It's also, of course, one of the episodes that reveal a great deal about Goren. My impression is that Eames knows about his mother's illness, and has for a while. This is also a case where Goren's background allows him insights into the case that another detective might lack.
I just saw it on dvd, giving it the proper time to replay certain scenes. I understand that at the end Goren doesn't get mad at the supect because he is sick and Goren understands him very well but I don't understand why Goren isn't more pissed off at the suspect when he sees what the doctor has done to sick people that share Goren's mother's illness.
I would be mad if someone took advantage of people that can't defend themselves especially if this guy that plays God is focused on people like my mom. D'Onofrio knows how to look mad without being agressive and this time I saw him too quiet.
I also feel that Goren was NOT angry with the doctor, because his "intent" was to heal people. There was no "intent" for selfish gain on his part. Remember the doctor was way behind in his collections of past due services. It was the Garcia's that were looking to make a buck off of the schizophrenia patients, not the doctor
but I wonder, where was the doctors money coming from if he wasn't paying attention to his Accounts Receivables? He Had to be wealthy I guess, and what about his family, didn’t' they know he had issues?
“It’s like you got yesterday, today and tomorrow, all in the same room. There’s no telling, what can happen”.... Billy, "I’m Not There"
The Garcias were the bad ones but so was the doctor before they knew why he was doing what he was doing. When they showed the photos of the damaged eyes to the Garcias the detective still didn´t know what was really going on with the doctor and they don´t look too angry about it.
I don't think Det. Goren and Eames are disgusted with Dr. Dysart so much as determined to stop him from performing any more surgeries when they burst in on him during his last attempt. If they are disgusted with anyone, it is with the Garcias, the so-called champions of the disabled, and how they hire out their residents for cheap labor and pocket the funds allocated for the patients' therapy. Dysart was never in the ophthalmology for the money--even Eames comments at the end that Dysart must be crazy because he was the only one NOT in it for the money.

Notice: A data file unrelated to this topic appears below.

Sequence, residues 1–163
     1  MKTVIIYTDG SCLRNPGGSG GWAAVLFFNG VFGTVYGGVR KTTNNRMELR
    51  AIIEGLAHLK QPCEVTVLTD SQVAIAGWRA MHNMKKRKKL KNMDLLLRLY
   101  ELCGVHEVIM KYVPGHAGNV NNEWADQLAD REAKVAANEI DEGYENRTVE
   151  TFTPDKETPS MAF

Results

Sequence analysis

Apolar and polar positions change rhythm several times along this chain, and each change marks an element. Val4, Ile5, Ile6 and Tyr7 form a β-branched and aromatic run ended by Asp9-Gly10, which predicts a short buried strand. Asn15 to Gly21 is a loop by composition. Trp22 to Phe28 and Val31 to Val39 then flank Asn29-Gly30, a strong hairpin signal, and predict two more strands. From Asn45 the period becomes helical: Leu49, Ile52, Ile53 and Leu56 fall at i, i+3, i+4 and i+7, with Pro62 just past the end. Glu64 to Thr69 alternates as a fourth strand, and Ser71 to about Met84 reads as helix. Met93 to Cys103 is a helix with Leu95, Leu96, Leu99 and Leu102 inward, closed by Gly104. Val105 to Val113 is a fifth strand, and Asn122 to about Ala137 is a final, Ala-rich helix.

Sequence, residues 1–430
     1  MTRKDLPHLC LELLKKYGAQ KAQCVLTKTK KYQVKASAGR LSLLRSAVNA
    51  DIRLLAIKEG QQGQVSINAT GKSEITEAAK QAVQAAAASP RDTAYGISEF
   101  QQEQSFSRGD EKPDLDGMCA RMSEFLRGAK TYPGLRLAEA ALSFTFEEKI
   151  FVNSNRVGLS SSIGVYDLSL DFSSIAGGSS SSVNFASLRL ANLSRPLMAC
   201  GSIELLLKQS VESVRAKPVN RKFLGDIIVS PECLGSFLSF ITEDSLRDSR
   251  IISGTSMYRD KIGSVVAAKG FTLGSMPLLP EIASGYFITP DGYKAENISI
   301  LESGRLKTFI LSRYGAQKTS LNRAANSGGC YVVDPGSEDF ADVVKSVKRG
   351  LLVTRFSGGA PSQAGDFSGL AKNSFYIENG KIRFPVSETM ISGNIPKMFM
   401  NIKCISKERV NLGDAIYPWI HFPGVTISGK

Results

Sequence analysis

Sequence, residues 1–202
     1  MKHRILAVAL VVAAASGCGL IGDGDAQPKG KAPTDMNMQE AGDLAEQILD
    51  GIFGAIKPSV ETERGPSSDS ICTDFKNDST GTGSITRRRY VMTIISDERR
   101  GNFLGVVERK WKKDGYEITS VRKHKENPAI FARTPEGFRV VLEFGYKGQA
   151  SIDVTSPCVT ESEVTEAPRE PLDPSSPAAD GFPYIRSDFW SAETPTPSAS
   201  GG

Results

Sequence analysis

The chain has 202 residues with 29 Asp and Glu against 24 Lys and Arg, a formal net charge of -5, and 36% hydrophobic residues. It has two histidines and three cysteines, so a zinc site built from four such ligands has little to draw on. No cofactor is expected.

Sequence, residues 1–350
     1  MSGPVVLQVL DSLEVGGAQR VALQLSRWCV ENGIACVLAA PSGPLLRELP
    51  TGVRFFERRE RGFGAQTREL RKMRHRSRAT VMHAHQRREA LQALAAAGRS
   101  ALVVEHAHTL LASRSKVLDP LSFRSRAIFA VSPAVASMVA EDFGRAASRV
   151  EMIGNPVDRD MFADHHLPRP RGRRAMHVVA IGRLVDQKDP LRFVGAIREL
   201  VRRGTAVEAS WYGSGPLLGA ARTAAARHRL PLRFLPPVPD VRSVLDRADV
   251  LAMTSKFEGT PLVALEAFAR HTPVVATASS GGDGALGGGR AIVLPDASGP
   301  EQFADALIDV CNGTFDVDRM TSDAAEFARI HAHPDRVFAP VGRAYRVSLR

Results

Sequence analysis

I also detect a distinct change in Goren's attitude and demeanor toward Dysart after he (Goren) starts to piece together Dysart's past life and his going to Amsterdam once he (Dysart) became obsessed with Vincent Van Gogh. Dysart's descent into schizophrenia must have struck a powerful emotional chord with Goren. Most especially in the final interrogation room scene, I could see in Goren's body language and hear it in his carefully chosen words of empathy and sympathy with Dysart's plight.
The interrogation room is Goren's arena of truth-telling via confrontation as he strips away a suspect's defenses. With Dysart, Goren is gentle and understanding most likely because of how he (Goren) has had to deal with his mother's condition for years. I believe in the final scene Goren is on the phone to his mother or her doctor, and then suddenly leaves because he needs to reassure her--and himself--that her illness is not her fault. Just like it is not Dysart's fault either.
ETA: I also detect in Det. Goren a slight glimmer of hope that Dysart was on to something with his theories about how correcting a defect in the eye might possibly "cure" someone of their delusions--and perhaps somehow benefit Goren's mother? It is a very brief and quickly fleeting grasping for straws for sure, because Goren realizes what the unnecessary eye surgeries did to Dysart's patients.
Last Edit: Aug 22, 2006 16:20:46 GMT -5 by Techguy
Patrick Roy, 2006 inductee into the Hockey Hall of Fame
Bumped this up because I watched this episode the other day. It is a great episode! The title alone, "See Me" resonates throughout the episode on so many levels. Is it a request or a demand or just a call from those often marginalized in our society? The doctor who is killed at the beginning is trying to see his brother-in-law and is blinded by the light of Dr. Dysart as he is murdered. The Garcias are seen as champions of the disabled, while the truth is far from what is shown. What Goren and Eames see and deduce and how they have to show the Garcias' corruption to Carver. Carver saying he had to see it to believe it.
Dr. Dysart, blinded by his illness, doing horrible things to his patients eyes to "cure" them. Backwards logic, looking through mirrors, perceptions of what is real and what isn't all depend on how you look at the characters' actions and motives. In other words, how we see them as they are revealed and then have to refocus our own perceptions.
Goren's dance, waltzing around the interrogation room, moving effortlessly as he weaves his tale, coming closer and closer toward Dysart and the truth is masterfully choreographed. The "look" on Dysart's lawyer's face when he finally "sees" the truth is great!
An entertaining episode that enables us to see Goren and Eames following the clues as the thread of the story unravels. One of my favorites from Season 2. I always find myself watching the actors' eyes in this episode!